It was bound to happen, and the writing was on the wall.
According to a live breaking news report from CNBC, Megyn Kelly is leaving Fox News and taking a new job at NBC News. The reports came months after former Fox boss Roger Ailes was sacked over charges of sexual harassment. Later, Kelly revealed that she too had been a victim of Ailes unwanted advances.
Fox News hired Megyn Kelly 12 years ago, and she soon made her mark with the brand and fans for her tell-it-like-it-is style of sharing the trending news of the day. Sources say Kelly is departing in order to broaden her career and scope of journalism with NBC. At this time, there is no word on a compensation package, but given her recent mercurial rise, she will not likely come at a bargain.
Kelly posted a message on her Facebook page about leaving FNC to take on a role with NBC. Megyn said she's accepted a new position to helm a daytime program spanning Monday through Friday. She will also be part of a Sunday evening program and continue covering political and breaking news.
Unpacking @megynkelly's big move from @FoxNews to @NBCNews. https://t.co/pKgK0rD17p pic.twitter.com/fQ5jhB2YUe
— Variety (@Variety) January 3, 2017
"While I will greatly miss my colleagues at Fox, I am delighted to be joining the NBC News family and taking on a new challenge. I remain deeply grateful to Fox News, to Rupert, Lachlan and James Murdoch, and especially to all of the FNC viewers, who have taught me so much about what really matters. More to come soon."Insiders say NBC's head, Andrew Lack, met with Kelly and offered her a deal she couldn't refuse. Supposedly, it is a "triple role in which she will host her own daytime news and discussion program, anchor an in-depth Sunday night news show, and take regular part in the network's special political programming and other big-event coverage," according to CNBC.
"Happy New Year, and God bless."
Kelly, who is lauded for her modelesque looks, rose to stardom over her brilliant rendering of news topics and ability to engage guests of any stature. Her news segment at Fox was only second to her rumored nemesis, Bill O'Reilly, a Trump apologist. Kelly and the president-elect butted heads early on during his campaign when he assailed her with inflammatory comments during a presidential debate.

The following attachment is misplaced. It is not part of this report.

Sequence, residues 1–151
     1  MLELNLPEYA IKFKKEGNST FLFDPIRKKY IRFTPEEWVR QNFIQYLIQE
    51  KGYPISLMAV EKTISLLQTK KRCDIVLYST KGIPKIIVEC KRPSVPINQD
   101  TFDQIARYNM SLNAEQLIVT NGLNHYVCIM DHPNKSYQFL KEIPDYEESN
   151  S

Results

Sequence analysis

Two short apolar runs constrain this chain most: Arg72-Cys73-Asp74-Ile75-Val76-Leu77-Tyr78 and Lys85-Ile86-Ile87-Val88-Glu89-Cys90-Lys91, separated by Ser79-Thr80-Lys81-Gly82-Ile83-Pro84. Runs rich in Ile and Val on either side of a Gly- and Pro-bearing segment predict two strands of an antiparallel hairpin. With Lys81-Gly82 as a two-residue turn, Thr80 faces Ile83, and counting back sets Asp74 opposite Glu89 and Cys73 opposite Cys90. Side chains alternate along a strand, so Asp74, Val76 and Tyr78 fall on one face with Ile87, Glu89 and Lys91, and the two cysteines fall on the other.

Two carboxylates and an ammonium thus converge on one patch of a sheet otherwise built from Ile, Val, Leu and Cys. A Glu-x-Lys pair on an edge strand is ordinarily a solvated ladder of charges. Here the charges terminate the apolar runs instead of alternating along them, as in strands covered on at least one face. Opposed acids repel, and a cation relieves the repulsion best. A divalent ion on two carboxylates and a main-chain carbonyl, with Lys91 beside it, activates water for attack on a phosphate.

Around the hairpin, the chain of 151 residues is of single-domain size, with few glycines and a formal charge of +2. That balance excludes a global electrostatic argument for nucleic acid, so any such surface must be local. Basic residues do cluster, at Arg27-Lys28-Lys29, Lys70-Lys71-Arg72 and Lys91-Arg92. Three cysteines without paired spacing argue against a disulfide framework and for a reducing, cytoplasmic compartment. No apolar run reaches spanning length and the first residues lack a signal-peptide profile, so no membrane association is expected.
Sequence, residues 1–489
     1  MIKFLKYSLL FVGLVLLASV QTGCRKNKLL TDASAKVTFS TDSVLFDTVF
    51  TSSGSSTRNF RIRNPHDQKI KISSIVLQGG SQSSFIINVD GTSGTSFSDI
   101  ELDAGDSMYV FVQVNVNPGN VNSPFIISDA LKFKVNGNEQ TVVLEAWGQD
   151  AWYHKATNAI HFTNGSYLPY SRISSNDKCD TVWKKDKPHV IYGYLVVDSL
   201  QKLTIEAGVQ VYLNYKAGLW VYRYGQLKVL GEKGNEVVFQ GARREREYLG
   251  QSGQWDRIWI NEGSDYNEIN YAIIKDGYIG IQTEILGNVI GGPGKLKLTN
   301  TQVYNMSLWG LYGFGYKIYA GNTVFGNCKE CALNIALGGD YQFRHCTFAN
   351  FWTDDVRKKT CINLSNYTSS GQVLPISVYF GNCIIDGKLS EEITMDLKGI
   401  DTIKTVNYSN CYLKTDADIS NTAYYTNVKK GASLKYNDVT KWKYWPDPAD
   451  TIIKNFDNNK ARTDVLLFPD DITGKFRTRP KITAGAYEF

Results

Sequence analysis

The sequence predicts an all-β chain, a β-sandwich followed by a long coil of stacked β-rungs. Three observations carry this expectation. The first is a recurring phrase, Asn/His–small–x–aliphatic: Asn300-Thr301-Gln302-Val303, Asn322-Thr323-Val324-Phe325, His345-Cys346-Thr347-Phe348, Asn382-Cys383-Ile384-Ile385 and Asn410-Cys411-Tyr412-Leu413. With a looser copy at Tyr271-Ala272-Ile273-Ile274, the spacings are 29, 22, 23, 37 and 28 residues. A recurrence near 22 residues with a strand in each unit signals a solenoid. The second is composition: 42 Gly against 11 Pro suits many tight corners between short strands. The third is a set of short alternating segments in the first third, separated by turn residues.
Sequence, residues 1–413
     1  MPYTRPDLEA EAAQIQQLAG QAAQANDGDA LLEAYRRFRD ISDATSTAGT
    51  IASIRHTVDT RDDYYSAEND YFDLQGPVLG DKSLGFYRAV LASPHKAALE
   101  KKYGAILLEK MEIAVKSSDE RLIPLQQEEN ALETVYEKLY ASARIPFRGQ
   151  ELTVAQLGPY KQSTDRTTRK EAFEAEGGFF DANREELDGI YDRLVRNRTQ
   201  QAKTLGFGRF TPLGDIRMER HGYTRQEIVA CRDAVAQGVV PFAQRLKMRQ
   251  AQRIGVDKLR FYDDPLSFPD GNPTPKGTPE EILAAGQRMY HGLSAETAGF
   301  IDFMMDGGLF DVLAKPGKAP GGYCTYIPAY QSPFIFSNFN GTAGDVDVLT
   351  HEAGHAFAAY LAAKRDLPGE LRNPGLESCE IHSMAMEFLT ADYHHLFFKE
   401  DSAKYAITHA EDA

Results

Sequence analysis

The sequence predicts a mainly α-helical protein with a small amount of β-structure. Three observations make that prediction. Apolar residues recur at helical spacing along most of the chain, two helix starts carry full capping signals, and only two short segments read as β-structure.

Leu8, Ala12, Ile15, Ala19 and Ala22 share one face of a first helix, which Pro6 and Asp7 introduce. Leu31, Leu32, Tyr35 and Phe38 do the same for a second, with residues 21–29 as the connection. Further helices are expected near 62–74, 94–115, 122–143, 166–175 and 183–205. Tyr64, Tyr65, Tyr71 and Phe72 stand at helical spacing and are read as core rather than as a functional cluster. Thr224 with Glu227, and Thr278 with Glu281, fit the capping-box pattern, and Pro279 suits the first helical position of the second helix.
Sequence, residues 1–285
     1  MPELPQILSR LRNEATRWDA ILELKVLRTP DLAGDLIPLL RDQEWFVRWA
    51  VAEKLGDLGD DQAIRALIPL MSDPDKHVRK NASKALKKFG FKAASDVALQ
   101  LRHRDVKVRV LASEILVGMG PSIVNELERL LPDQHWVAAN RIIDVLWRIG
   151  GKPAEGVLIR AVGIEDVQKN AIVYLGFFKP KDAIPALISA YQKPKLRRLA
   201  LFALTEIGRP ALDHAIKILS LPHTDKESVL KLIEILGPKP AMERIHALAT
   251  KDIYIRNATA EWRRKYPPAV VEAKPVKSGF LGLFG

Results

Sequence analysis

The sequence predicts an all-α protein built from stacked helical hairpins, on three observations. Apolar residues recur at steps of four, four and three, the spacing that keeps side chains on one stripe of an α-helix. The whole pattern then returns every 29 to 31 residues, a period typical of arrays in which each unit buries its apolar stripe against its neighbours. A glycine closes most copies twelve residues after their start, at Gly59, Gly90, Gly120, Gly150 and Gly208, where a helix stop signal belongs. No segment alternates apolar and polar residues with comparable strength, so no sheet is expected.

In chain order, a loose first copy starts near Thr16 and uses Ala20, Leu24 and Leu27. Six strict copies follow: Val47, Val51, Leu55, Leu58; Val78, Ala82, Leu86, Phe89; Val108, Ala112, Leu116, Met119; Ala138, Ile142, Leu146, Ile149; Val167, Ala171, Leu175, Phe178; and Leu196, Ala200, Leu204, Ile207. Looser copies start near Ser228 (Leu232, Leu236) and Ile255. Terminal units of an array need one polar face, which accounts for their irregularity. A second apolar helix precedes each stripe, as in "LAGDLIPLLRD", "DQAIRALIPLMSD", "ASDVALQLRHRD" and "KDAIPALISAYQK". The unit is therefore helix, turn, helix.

NPR's David Folkenflik explored Megyn Kelly's "turbulent" career in her latter years, especially the friction that surfaced when news broke of the reported sexist culture created under Ailes' leadership.
"[Kelly's move] comes in the aftermath of her explosive accusations that former Fox News Chairman Roger Ailes had sexually harassed her earlier in her career. And that was on the heels of her colleague Gretchen Carlson alleging the same in a lawsuit. That led to the departure of Ailes and to significant questions about what path Fox News would take forward. Her departure only raise the stakes for Fox."Kelly's rise at the network was largely due to the connection she developed with her conservative view audience. In past interviews, she hasn't shied away from admitting to being more of analyst of news instead of an opinion host. The latter is typically based on the network's agenda and is often under fire for being biased or partisan on political issues.
Megyn Kelly Is Leaving @FoxNews for NBC. Retweet if you are happy about this. Comments are also welcome. #hannity https://t.co/psYCkiChBCMainstream pundits believe Megyn Kelly's demise was set in motion after her showdown with Trump when he assailed her over a question he didn't like. In the wake of Trump's ensuing attacks, which questioned her competency as a journalist, Kelly didn't feel support from the network, according to statements made during her interview with Kelly McEvers of NPR.
— American Patriot (@theoptionoracle) January 3, 2017
"My boss, Roger Ailes, was not able to stand Trump down. My friend Sean Hannity, who is a big Trump booster as you know; he was not able to stand Trump down. No one was able to stop his antics."Kelly's contract with the FNC terminates later this year. Fox supposedly tried offering an olive branch in the way of a $20 million annual salary, to no avail.
[Featured Image by Mike Coppola/Getty Images]